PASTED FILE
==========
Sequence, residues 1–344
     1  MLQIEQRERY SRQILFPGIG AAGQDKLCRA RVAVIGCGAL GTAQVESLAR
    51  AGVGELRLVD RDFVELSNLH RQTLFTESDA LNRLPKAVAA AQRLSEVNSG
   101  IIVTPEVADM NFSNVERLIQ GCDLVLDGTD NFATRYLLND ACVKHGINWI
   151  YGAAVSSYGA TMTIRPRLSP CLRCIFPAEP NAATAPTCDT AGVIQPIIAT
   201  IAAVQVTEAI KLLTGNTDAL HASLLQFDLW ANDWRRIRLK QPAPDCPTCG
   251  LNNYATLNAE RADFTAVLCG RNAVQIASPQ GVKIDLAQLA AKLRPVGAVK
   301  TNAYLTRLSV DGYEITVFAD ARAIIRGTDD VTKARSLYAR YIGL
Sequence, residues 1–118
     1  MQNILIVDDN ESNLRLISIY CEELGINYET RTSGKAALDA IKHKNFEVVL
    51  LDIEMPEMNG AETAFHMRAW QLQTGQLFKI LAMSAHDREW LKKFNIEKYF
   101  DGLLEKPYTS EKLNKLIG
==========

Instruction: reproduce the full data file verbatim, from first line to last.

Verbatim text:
Sequence, residues 1–344
     1  MLQIEQRERY SRQILFPGIG AAGQDKLCRA RVAVIGCGAL GTAQVESLAR
    51  AGVGELRLVD RDFVELSNLH RQTLFTESDA LNRLPKAVAA AQRLSEVNSG
   101  IIVTPEVADM NFSNVERLIQ GCDLVLDGTD NFATRYLLND ACVKHGINWI
   151  YGAAVSSYGA TMTIRPRLSP CLRCIFPAEP NAATAPTCDT AGVIQPIIAT
   201  IAAVQVTEAI KLLTGNTDAL HASLLQFDLW ANDWRRIRLK QPAPDCPTCG
   251  LNNYATLNAE RADFTAVLCG RNAVQIASPQ GVKIDLAQLA AKLRPVGAVK
   301  TNAYLTRLSV DGYEITVFAD ARAIIRGTDD VTKARSLYAR YIGL
Sequence, residues 1–118
     1  MQNILIVDDN ESNLRLISIY CEELGINYET RTSGKAALDA IKHKNFEVVL
    51  LDIEMPEMNG AETAFHMRAW QLQTGQLFKI LAMSAHDREW LKKFNIEKYF
   101  DGLLEKPYTS EKLNKLIG